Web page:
TCP is delayed in situations where there is a lot of packet loss.
Changed to UDP.
I wonder if anybody else has experienced a similar lag issue to what I'm experiencing.
I have a Hikvision rebranded NVR running 4 x 4MPx cameras. I have a single camera spot out from one of the NVR's video out ports (HDMI). This HDMI runs through a 'HDMI over Cat' converter for approximately 20 metres and then displays direct onto a monitor through a HDMI input.
I've noticed that following a NVR reboot, there is lag of approx. 0.5 to 1 second. After approximately 2 months, this lag has increased and grown to approximately 10 seconds.
I've reduced resolution and avoided codec intensive processing such as H265. The NVR processor is running at below 30 percent capacity.
Does anybody know whether it is possible for an NVR to cause lag of up to 10 seconds?
Yep. I beginning to realize that I knew the answer to my question all along. I was just over-thinking things and skimmed right over the three points you just made. Sometimes you get so engulfed in trying to understand that you miss the obvious....oops.
Thanks to all for the great suggestions.
Lag, or latency, is usually caused by the encoder portion of the camera but occasionally can be exacerbated by other components of the system like the network, client or VMS. If you want to investigate further, you can use the method proposed by Rukmini to measure the latency and change out or bypass system components to determine their effect.
Try accessing the camera's Web page directly to eliminate the VMS or establish a direct connection to the camera via a PoE injector to eliminate the switch, etc. but most likely the camera is the source of the majority of the latency.
Latency / lag is due to a combination of a factors:
- Time to encode the video in the camera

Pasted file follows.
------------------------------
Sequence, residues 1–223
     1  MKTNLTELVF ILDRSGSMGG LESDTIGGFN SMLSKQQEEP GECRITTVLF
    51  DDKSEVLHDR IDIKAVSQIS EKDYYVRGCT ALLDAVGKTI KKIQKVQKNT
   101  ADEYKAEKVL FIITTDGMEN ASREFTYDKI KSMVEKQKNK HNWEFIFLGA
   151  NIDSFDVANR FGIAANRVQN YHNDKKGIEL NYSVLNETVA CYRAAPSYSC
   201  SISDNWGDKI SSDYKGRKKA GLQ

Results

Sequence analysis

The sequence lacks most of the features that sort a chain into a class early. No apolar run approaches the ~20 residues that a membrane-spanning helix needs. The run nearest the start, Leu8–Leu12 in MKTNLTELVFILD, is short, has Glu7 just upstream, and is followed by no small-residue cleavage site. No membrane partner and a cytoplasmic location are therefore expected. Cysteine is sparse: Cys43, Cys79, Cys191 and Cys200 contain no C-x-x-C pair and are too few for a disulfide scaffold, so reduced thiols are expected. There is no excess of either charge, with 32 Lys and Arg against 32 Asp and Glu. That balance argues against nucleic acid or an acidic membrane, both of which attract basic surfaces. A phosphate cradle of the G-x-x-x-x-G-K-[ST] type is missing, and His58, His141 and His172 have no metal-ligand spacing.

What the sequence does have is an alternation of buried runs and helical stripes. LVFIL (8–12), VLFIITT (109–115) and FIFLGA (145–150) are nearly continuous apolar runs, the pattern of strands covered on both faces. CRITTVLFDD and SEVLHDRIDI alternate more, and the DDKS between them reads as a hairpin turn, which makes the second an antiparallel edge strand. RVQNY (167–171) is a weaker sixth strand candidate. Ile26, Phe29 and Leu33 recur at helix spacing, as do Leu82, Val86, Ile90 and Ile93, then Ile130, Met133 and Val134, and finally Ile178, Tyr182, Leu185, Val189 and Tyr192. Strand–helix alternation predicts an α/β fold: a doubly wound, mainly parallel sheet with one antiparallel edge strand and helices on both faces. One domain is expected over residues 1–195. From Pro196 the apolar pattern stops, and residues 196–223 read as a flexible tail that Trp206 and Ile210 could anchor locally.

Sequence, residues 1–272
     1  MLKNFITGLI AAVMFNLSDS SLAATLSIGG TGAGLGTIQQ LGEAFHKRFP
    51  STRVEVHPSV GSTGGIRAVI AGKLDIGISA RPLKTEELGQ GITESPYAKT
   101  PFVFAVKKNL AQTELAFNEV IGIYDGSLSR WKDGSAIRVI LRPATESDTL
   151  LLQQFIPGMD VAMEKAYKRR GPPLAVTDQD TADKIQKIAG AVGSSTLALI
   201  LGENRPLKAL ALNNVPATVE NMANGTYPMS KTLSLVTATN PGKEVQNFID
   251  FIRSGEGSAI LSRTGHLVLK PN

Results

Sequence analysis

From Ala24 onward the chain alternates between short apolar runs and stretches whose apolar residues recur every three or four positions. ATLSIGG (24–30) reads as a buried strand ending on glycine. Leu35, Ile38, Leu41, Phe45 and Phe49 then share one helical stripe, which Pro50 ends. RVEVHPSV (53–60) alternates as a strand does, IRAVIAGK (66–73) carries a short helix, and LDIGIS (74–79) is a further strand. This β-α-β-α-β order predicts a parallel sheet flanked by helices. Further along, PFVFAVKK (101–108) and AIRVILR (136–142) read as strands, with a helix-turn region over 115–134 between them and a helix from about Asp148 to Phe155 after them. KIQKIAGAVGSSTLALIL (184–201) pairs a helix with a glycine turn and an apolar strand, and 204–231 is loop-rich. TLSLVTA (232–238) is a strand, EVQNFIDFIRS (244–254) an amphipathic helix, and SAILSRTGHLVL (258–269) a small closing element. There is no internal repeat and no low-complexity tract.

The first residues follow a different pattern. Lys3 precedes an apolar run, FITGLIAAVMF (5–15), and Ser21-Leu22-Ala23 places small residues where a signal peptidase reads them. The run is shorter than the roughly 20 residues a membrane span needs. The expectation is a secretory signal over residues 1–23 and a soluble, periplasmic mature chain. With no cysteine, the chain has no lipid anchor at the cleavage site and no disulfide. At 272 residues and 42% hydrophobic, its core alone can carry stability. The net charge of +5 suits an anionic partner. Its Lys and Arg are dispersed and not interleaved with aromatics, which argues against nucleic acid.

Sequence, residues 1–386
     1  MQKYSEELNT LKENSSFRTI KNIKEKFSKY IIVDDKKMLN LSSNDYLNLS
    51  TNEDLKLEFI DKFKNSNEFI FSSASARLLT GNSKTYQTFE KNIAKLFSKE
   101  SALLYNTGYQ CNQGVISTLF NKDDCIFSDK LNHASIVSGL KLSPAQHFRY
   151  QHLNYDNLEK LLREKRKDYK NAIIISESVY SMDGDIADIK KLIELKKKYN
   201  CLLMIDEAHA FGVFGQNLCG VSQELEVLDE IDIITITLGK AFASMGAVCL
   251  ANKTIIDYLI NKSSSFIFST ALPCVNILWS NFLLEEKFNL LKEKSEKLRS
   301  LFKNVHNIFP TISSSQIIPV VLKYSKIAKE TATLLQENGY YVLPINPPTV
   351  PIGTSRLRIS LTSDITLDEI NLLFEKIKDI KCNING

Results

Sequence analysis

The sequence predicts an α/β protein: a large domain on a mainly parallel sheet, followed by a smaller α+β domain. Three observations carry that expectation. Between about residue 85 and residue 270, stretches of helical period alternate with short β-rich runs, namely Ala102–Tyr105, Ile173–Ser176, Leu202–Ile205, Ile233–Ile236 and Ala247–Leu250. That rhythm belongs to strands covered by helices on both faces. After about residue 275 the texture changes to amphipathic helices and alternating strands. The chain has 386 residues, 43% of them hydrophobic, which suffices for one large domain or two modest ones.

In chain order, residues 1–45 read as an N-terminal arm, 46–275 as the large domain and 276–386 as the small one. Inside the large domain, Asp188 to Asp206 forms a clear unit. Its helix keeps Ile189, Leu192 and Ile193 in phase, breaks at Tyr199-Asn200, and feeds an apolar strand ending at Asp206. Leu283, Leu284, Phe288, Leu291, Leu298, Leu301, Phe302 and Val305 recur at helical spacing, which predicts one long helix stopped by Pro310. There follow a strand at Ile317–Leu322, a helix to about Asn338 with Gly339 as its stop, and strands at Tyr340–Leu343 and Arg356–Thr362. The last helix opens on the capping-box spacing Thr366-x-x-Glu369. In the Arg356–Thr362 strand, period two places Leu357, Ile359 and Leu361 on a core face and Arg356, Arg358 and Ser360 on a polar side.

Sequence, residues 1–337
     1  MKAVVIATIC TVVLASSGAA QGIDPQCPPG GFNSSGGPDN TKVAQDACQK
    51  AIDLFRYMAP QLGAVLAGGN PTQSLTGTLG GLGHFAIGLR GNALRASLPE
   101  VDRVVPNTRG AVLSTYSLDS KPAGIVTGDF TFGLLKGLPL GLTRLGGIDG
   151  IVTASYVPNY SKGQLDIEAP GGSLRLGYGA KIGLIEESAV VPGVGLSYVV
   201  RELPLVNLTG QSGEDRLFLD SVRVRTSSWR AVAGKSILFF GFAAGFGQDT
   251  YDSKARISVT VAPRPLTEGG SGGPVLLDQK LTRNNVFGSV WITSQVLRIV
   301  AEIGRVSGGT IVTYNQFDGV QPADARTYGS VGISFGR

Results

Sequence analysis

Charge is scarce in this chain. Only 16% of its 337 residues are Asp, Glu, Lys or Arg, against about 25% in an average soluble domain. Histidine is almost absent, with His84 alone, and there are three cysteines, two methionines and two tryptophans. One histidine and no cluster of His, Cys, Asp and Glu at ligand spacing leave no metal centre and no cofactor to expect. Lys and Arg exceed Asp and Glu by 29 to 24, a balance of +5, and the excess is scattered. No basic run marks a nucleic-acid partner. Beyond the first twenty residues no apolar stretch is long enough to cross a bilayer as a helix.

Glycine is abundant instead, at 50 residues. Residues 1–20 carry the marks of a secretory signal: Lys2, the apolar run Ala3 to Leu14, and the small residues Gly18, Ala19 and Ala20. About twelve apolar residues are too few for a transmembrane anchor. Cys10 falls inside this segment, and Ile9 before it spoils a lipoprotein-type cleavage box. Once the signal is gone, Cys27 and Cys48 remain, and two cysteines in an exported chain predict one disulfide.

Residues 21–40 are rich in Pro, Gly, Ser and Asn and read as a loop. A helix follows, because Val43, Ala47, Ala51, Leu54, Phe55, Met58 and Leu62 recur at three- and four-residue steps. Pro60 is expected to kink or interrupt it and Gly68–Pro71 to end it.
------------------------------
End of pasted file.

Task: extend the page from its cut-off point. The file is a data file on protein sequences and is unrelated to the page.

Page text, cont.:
- Time to transmit it from the camera to the client computer
- Time to decode / display it on the client computer
1 and 3 tend to be the bigger factors.
Not really a bother, it's only half a second. I was just trying to understand why there is a lag in the first place.
If so, does this mean if I send uncompressed video to the VMS there would much less or no lag in live viewing?
So maybe its more than .5 seconds if its bothering you this much... Just get the stop watch phone like I mentioned and then you can check out the difference between MJPEG set to the least compression vs. H.264 set to the most. But without actually testing the lag accurately, its hard to judge 300ms from 500ms even though its a big difference. Post some timings...
Does your admin screen look like this?
You could try that "Shortest Delay Mode" if you are not already...
This was a hypothetical question.
" send uncompressed video to the VMS "
from HIK IP camera
How do you do that ?
Thanks John & Rukmini.
One more thing I can strike off my list to figure-out.
It still seems strange to me that a live feed would have lag though. Is the lag from the H264 encoding process? If so, does this mean if I send uncompressed video to the VMS there would much less or no lag in live viewing?
Oops! I read it as 1-2 seconds of lag, not .5 seconds! Agreed .5 is pretty normal, but you can still profile if you want...:)
Start by profiling your lag: Lag, of course, is made up of several components and therefore breaking out the individual segments the lag can help to identify those areas that your time is best spent improving. Fancy tools and analyzers can do a real-good job at this, but usually just a couple informal tests will reveal the problem.
First thing to do is dedicate a ipad or smartphone to being a digital timepiece (many free apps) because some accuracy is helpful. The best situation is where you can have one of the cameras (staying on the same switch the camera was already on if possible) in the same room as your VMS monitor. Position the smartphone so that it leans up against the side beze of your VMS monitor. Have the poe cam pointed at smartphone (with the stopwatch running) as well as the live VMS output, avoid feedback by angling poe cam. Use a digital camera to take a picture of the stopwatch phone and VMS ouput screen in the same frame. Subtract the times in the photo to get an accurate total lag time. Take several measurements in a row to see what the variance is. Then take measurements by changing out parts of the system and snapping new photos to see their effect.
Some of the obvious things to try would be
- Have only the POE camera a switch and the computer on the network while viewing the VMS
- ditto above except now go to the native hikvision software or vlc
- try a laptop instead of computer
- swap your switches
- swap your cameras
This should give you an idea where to concentrate...
Post the pics...
~1/2 second of delay when displaying an IP camera feed on a VMS client is fairly common.
Usually people do not notice nor care for fixed cameras in surveillance. Obviously, PTZ controls is an important exception.